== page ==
The Board of Visitors is bringing new voices to Lyon College’s strategic planning.
Founders’ Day on Oct. 22 featured the inaugural meeting of the newly established board, which was commissioned by the Board of Trustees in 2020 to serve as active thought leaders and engaged ambassadors, providing support through strategic planning and helping Lyon accomplish its objectives as a national liberal arts college.
Jonathan Thompson, ’02, chief executive officer of Nielsen-Massey Vanillas in Chicago, Ill., was unanimously elected as the first chair of the organization.
“As a former alumnus who counts my time at Lyon as among my most cherished and foundational experiences, I’m thrilled to be a part of the new Board of Visitors,” said Thompson, “and to have this opportunity to collaborate and invest in the future of Lyon with such an impressive, passionate and talented group of people.”
Vice President for Advancement David Hutchison said the Board of Trustees first started discussing the concept of the new organization as a much-needed advisory council a couple of years ago. The idea, he said, was for the Board of Visitors to be a more expansive group that could work on engagement with various communities, long-time strategic strategy and the College’s brand identity.
“The goal was to expand the numbers of voices that are at the table,” Hutchison said. “We wanted to bring more people into the conversation, but not necessarily saddle them with all the responsibilities that come with being a trustee.”
He continued, “Folks on the Board of Visitors range from presidents of large national companies to local small business owners and philanthropists, but they all have a passion and an interest in helping shape and be a part of Lyon’s future.”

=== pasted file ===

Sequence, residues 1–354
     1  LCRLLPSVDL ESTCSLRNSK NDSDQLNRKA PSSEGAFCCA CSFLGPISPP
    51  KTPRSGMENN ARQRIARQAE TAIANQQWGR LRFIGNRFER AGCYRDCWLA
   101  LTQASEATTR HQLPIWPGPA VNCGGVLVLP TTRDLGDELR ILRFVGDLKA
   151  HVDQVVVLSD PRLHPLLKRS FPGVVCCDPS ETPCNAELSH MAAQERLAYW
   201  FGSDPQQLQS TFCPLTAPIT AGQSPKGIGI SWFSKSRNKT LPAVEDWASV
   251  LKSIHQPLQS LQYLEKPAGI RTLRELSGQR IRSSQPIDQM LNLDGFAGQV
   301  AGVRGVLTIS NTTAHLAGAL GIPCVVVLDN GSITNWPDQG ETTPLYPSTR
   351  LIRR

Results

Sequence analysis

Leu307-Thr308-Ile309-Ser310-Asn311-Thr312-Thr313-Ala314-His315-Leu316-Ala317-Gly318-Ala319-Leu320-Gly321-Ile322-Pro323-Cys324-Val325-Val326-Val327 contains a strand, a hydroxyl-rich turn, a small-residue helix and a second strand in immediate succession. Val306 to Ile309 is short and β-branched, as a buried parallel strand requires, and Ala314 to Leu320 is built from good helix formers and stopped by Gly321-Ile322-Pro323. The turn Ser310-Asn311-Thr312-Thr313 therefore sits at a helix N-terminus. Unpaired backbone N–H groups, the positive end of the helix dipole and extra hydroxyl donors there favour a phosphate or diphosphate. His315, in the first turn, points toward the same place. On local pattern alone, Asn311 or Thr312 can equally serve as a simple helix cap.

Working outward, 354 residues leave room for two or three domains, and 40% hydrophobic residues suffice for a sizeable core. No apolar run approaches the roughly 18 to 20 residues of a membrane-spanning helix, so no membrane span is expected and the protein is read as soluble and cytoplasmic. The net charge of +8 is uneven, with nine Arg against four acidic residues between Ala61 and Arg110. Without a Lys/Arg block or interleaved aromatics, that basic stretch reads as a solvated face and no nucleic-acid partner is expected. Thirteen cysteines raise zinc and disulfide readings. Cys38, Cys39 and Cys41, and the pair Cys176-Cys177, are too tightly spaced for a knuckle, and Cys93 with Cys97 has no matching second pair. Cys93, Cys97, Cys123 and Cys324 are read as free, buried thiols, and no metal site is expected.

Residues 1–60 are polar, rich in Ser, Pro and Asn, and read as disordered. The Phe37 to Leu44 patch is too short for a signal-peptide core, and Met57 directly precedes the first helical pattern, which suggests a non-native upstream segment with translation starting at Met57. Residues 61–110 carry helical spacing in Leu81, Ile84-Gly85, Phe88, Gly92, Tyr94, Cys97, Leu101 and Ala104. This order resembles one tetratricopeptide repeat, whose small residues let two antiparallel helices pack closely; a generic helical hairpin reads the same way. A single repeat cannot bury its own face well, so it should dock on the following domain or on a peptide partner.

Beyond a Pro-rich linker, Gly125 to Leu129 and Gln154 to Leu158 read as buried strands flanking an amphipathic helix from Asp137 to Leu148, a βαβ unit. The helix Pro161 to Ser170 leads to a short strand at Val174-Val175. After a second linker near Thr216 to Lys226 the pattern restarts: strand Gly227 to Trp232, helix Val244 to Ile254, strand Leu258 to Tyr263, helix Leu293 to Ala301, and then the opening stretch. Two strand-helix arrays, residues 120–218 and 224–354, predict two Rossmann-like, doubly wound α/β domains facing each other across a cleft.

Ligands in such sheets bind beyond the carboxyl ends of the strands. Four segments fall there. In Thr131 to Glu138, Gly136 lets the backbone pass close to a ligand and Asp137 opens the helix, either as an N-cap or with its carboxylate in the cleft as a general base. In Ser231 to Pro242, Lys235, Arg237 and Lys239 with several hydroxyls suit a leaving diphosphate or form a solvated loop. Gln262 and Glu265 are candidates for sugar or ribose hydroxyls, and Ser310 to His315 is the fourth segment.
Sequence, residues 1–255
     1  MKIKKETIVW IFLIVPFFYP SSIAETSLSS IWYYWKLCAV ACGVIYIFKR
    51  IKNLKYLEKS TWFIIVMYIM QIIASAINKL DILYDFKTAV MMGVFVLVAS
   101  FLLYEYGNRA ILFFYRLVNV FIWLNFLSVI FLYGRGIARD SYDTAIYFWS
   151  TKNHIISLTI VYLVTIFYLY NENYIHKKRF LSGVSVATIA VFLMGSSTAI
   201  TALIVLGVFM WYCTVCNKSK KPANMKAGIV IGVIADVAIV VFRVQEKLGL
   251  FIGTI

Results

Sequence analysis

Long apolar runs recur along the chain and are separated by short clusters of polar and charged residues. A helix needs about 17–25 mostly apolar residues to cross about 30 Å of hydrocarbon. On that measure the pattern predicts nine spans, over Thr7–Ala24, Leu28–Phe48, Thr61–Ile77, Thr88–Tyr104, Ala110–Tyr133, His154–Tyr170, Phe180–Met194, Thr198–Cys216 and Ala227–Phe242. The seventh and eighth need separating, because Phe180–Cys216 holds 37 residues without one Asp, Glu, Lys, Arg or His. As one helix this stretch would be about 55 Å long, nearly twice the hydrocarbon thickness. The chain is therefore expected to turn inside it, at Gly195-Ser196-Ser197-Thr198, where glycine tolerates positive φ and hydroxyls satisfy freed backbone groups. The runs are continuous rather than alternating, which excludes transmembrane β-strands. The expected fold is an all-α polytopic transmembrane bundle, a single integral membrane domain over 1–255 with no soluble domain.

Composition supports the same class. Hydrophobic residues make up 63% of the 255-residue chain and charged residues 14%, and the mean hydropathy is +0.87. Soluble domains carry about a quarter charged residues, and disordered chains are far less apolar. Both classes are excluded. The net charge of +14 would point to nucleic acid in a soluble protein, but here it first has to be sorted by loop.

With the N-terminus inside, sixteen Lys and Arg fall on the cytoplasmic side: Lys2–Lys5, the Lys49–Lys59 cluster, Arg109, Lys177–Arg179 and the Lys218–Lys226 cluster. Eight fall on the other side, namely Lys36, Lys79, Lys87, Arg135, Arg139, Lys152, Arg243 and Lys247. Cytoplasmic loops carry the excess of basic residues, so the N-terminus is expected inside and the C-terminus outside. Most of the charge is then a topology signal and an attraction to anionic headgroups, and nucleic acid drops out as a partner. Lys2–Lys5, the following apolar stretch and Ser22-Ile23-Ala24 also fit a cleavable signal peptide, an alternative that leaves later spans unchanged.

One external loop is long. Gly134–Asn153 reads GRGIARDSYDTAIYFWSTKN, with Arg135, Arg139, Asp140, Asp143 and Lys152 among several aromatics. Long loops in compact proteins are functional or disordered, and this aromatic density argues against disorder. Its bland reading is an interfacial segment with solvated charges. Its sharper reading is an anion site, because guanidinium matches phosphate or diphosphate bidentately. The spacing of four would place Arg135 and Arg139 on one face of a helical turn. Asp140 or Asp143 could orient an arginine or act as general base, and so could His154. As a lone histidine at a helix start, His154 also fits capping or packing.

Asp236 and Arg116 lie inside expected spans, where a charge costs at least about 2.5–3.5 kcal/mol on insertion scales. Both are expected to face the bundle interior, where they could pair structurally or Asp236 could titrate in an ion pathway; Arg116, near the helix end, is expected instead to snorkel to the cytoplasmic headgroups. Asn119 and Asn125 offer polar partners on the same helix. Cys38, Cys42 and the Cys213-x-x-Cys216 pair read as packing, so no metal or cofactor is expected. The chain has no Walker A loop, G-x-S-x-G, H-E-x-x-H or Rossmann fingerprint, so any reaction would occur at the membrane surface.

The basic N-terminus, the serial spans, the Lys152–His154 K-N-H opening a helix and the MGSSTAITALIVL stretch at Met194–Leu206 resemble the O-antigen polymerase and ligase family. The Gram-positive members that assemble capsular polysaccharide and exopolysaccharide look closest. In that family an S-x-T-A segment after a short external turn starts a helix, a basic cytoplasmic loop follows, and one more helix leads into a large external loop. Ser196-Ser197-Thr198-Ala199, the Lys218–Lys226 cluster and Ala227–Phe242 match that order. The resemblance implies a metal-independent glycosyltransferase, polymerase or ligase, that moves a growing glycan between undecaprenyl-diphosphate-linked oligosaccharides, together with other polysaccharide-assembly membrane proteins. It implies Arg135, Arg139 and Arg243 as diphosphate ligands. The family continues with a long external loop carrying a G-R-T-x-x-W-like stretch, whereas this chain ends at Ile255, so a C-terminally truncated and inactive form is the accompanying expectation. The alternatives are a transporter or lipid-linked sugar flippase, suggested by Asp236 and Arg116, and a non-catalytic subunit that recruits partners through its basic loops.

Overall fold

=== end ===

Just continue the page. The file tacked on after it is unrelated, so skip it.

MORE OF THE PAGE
The Advancement department established criteria that would govern who gets an invitation to sit on the Board of Visitors. Hutchison said the College wants members who are strategic thinkers with established professional and personal networks. The Board of Visitors will also be a great source to identify potential trustees, he said.
“Instead of guessing if someone might be a good trustee, you will get to see them in action,” he said, “and identify people who should be trustees because of the good work they’re doing on the Board of Visitors.”
The Board of Visitors will have two major meetings in the fall and spring of each year, coinciding with Board of Trustees meetings. The members have also divided themselves into committees to discuss alumni and donor engagement, the capital campaign, enrollment and more.
“The case for a Liberal Arts education has not only gotten stronger with time, but may actually be necessary to successfully navigate the future,” said Thompson. “Learning how to think better is the answer to the question of the future, and that is precisely the role of the Liberal Arts education.”
The group currently has about 20 members, Hutchison said, but the College plans to grow it out to between 25 and 50 members. Anyone interested in serving on the Board of Visitors can reach out to Hutchison at email@example.com.
The Board of Visitors’ founding members are as follows:
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